When it Comes to Searching for FMCG Growth, Product Attributes Show the Way

When it Comes to Searching for FMCG Growth, Product Attributes Show the Way

Knowing which lever to pull to attract, engage and maintain customers has never been more challenging—and that’s likely not going to change. With product variety, access to technology and instant gratification becoming ubiquitous, the fast-moving consumer goods (FMCG) market is facing notable growth headwinds—especially when you look at opportunity with too large of a lens.

Across traditional U.S. retail, we see that revenue growth wasn’t able to hit half a percent last year. And revenue growth was just 1% in 2016, down almost 150% from 2015, when revenue growth came in at 2.4%. Looking ahead, growth will remain elusive: Our 2020 forecast highlights a 1% revenue drop for the grocery, drug and mass merchandise channels.

The combination of access to information and consumer desires for products that meet their specific needs and desires will drive consumption going forward, which means FMCG manufacturers and retailers will need to stay focused on attributes rather than broad categories.

Revenue growth among ice cream qualifying as a good source of protein increased more than 53% in the U.S. last year

According to last year’s Shopper Trend survey from Label Insight, 49% of U.S. consumers adhere to a particular diet or health-related eating program. Additionally, 44% say food allergies, intolerances or sensitivities affect the way they shop. These metrics complement findings from Nielsen’s 2017 sustainability survey, which found that 67% of consumers want to know everything that goes into the food they buy. Drilling down further, 46% of Americans say that claims on food products have a direct influence on their purchase decisions.

The data couldn’t paint a clearer picture for the FMCG market: Consumers want personalized products that meet specific needs. And when we look at product categories with an eye for specific attributes, we see well beyond the overarching trends of a specific store aisle. To illustrate, let’s look at ice cream, a category that has struggled to find consistent growth in recent years. That said, however, the overall category was able to post revenue growth of 2.3% in 2017.

To find more significant growth, we need to look at the specific attributes that consumers are looking for when they shop for ice cream. For example, revenue growth among ice cream qualifying as a good source of protein increased more than 53% last year. And as a sub-category that represents just 3% of total category sales, there’s clearly an opportunity for additional products and shelf space. But protein isn’t the only attribute driving sales growth in the ice cream category.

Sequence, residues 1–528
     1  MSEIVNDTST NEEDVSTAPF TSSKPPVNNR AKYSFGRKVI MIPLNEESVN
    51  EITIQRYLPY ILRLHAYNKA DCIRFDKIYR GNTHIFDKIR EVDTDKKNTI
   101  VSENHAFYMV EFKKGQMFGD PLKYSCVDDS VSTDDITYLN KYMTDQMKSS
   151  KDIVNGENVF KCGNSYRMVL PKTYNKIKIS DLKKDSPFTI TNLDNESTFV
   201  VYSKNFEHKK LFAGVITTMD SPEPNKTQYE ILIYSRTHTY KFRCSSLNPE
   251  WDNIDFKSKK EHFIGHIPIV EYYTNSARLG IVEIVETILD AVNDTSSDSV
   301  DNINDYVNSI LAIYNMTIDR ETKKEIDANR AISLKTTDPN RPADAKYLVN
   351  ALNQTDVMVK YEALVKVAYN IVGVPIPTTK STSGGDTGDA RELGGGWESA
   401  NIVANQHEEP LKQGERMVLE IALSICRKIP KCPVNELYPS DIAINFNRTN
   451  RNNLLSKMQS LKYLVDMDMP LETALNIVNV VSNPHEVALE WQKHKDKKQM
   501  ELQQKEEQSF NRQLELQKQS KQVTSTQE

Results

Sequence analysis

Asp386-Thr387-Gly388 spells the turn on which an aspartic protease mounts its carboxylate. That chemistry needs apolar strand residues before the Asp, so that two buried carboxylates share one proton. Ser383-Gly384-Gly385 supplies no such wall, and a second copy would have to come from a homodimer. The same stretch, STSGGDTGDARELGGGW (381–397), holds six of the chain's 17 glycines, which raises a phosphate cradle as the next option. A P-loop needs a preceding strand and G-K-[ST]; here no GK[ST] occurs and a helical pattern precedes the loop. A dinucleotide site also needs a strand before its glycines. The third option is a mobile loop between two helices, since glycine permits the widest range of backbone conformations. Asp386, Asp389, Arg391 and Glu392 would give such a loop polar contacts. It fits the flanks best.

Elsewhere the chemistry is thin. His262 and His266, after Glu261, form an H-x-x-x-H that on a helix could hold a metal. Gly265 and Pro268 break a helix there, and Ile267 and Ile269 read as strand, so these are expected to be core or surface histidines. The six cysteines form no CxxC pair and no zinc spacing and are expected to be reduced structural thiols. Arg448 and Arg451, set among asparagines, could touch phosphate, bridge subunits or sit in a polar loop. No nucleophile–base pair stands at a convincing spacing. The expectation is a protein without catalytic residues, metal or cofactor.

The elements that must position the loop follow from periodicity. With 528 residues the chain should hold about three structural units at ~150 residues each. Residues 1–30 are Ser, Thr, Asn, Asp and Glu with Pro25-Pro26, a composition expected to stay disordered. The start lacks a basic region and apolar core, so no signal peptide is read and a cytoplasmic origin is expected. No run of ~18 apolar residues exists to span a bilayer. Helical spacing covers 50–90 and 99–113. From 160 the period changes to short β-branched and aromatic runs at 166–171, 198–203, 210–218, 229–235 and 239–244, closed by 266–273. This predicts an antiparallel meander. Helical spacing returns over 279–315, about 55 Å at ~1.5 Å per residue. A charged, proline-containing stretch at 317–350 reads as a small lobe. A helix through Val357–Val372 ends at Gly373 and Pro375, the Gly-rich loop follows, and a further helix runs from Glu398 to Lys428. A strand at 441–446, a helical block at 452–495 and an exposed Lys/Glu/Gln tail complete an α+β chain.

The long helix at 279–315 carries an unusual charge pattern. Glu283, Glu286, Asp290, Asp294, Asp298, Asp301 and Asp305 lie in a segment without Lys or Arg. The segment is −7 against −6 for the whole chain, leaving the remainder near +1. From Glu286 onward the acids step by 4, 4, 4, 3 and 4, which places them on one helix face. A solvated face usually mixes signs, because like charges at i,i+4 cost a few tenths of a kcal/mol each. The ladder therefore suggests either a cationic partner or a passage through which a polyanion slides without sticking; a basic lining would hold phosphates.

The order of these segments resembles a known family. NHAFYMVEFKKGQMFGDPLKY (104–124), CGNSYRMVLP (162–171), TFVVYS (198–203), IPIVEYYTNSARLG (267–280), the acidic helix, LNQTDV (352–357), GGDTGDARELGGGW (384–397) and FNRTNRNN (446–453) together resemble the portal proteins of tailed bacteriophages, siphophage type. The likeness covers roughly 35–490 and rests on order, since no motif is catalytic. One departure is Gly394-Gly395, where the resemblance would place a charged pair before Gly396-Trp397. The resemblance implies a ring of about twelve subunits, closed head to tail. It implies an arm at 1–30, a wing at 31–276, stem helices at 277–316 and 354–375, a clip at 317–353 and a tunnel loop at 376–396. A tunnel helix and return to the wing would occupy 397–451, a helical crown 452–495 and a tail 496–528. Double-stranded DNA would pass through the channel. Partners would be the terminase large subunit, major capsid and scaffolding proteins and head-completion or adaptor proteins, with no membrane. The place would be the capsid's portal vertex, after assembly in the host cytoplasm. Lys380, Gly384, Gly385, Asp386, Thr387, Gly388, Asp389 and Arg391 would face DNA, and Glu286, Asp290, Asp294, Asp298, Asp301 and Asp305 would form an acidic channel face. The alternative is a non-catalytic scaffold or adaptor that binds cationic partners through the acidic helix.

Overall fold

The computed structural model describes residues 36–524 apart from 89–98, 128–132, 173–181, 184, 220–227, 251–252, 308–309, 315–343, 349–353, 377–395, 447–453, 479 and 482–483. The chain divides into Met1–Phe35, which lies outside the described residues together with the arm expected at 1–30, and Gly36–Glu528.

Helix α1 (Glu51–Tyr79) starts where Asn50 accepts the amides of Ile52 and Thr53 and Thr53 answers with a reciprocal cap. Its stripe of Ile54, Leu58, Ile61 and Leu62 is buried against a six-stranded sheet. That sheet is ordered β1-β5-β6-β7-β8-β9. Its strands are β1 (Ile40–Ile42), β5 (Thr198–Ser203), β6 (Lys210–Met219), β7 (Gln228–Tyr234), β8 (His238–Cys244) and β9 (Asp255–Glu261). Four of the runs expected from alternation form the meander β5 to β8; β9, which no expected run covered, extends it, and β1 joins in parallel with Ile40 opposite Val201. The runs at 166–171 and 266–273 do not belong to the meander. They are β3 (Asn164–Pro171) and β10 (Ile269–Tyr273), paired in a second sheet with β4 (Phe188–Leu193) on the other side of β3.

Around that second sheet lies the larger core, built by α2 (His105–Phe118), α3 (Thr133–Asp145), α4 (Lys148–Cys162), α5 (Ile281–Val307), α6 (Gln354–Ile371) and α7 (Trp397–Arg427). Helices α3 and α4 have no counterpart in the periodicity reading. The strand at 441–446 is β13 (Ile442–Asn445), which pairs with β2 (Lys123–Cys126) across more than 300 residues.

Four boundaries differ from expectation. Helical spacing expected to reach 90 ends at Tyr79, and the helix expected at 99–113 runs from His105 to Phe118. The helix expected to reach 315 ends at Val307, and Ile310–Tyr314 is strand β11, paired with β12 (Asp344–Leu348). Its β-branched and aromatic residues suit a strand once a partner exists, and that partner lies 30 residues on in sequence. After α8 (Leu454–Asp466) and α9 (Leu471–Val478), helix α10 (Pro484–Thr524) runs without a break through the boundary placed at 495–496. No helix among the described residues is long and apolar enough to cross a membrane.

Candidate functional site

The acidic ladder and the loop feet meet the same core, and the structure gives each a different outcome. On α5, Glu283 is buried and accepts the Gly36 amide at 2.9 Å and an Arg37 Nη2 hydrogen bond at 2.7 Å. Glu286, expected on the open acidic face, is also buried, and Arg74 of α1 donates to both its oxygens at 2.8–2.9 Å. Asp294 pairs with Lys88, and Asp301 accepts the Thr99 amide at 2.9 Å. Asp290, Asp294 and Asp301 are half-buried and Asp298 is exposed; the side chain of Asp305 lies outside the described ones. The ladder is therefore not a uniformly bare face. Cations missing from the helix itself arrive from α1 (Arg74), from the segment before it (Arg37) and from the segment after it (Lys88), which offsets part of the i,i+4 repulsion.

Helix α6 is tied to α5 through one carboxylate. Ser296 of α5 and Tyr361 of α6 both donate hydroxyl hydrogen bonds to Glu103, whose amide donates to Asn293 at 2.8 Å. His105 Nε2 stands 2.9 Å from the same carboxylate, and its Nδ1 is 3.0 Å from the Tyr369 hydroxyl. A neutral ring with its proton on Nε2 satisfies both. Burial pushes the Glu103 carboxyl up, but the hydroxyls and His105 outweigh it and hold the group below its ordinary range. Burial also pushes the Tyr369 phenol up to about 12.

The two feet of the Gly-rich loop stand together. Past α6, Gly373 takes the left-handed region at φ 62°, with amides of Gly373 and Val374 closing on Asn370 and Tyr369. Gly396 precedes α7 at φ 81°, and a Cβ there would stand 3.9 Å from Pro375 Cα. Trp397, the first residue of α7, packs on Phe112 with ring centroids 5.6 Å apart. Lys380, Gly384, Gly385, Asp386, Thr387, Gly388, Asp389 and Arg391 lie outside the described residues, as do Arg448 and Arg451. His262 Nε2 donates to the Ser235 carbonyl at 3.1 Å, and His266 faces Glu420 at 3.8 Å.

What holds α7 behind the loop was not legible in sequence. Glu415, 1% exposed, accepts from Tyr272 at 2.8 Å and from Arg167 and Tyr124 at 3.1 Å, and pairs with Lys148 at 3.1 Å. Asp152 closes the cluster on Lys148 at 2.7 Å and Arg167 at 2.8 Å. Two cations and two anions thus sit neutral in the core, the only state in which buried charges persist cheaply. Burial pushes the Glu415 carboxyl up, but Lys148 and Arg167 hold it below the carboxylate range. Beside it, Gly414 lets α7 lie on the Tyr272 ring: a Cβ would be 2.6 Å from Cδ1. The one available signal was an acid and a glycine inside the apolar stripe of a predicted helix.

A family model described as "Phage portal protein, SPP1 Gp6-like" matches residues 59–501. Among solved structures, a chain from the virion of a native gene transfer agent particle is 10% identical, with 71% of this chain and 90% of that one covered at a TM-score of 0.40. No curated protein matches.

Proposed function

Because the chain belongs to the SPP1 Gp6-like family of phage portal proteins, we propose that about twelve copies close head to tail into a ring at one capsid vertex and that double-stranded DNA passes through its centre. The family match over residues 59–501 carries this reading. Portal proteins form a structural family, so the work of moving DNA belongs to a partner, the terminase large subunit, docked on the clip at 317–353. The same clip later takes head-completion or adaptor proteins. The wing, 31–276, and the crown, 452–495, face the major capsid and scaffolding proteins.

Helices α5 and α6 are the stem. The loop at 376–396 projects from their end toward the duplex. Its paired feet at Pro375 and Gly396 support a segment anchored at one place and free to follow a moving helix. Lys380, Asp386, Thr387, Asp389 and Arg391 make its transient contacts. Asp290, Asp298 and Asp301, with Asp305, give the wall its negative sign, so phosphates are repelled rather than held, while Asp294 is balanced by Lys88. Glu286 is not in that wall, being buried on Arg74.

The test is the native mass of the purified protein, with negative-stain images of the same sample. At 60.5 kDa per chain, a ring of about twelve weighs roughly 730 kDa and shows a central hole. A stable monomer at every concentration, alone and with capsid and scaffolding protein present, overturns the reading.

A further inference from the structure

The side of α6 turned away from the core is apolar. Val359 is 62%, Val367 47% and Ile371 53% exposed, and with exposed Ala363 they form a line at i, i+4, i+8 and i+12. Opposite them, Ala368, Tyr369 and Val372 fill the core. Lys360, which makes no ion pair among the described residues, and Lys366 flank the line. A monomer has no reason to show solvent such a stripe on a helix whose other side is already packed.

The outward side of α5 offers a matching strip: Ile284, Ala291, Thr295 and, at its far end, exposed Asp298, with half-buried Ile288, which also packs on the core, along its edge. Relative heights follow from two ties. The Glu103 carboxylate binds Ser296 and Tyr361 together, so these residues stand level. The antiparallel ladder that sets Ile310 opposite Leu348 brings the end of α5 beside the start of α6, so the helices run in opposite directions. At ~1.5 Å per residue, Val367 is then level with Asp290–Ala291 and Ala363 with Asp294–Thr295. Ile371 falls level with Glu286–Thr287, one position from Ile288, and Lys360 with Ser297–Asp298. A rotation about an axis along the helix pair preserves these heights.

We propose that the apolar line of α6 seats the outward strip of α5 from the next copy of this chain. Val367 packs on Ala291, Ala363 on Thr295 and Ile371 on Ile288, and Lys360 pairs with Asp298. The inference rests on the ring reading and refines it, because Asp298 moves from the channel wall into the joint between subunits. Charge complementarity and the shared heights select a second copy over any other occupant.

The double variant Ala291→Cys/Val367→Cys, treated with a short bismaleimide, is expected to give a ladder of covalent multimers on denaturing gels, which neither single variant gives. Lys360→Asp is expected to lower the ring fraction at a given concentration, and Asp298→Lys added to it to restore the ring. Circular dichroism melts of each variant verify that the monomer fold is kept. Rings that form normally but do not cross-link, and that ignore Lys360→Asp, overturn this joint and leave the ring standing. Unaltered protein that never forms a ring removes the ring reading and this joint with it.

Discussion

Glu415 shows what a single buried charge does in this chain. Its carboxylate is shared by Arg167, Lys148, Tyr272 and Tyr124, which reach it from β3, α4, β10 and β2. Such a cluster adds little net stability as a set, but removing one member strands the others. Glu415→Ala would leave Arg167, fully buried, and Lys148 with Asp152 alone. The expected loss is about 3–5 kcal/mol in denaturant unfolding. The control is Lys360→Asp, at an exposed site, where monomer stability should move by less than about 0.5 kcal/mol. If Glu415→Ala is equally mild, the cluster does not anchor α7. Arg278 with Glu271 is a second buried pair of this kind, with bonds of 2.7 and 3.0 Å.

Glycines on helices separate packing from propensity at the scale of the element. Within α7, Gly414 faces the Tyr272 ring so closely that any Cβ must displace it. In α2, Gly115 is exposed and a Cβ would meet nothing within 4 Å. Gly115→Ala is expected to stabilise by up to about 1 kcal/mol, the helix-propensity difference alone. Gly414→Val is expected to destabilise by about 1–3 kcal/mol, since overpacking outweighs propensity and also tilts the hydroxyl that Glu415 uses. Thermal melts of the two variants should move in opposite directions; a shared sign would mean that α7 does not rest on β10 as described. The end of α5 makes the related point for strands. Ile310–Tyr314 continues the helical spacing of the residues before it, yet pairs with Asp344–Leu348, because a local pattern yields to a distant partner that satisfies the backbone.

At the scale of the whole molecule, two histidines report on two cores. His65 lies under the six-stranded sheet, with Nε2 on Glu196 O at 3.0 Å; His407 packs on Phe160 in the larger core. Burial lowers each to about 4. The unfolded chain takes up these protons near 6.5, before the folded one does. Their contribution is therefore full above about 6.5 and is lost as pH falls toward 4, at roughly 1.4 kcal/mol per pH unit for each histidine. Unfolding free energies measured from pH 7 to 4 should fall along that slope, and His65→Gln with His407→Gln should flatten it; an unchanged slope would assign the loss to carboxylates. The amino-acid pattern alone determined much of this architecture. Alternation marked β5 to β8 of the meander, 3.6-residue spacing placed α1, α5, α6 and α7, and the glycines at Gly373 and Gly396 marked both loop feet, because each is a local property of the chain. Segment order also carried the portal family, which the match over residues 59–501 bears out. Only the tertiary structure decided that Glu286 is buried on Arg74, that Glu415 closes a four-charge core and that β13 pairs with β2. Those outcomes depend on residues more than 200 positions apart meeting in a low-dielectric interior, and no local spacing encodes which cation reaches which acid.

Many of the budding sales trends across the FMCG landscape are directly connected to product transparency and clean-label products, or those without certain undesirable ingredients. Going back to ice cream, we can see the impact that clean-label product sales is having on the overall category. For example, products that are classified as “free from artificial flavors” account for more than $1.2 billion in sales across FMCG, and sales across an array of categories are trending upward, including ice cream.

Knowing which product attributes are resonating with consumers, however, are only part of the overall picture. Manufacturers and retailers also need to know which consumer groups are actively engaged with certain attributes, as well as where those groups live. Staying within our ice cream example, let’s look at consumers seeking additional fiber in their households. Across the general population, consumers seeking ice cream qualifying as a good source of fiber are 34% more likely to live in a cosmopolitan center, 31% more likely to be Hispanic and 2% more likely to have children between the ages of 6 and 12.

In looking across the FMCG landscape, it’s clear that the path to growth is no longer a single tract. Rather, it’s many granular ones that are specific and attribute-based. With data on hand to highlight the way forward, successful manufacturers and retailers will be able to deliver on what consumers are looking for—and drive sales growth in the process.


The insights in this article were derived from the following sources:

  • Nielsen Product Insider, powered by Label Insight
  • Label Insight Shopper Trends Survey, 2017
  • Nielsen Global Sustainability Survey 2017
  • Nielsen Syndicated Data (xAOC+C)
  • Nielsen Homescan Panel
  • Nielsen Total Spend Report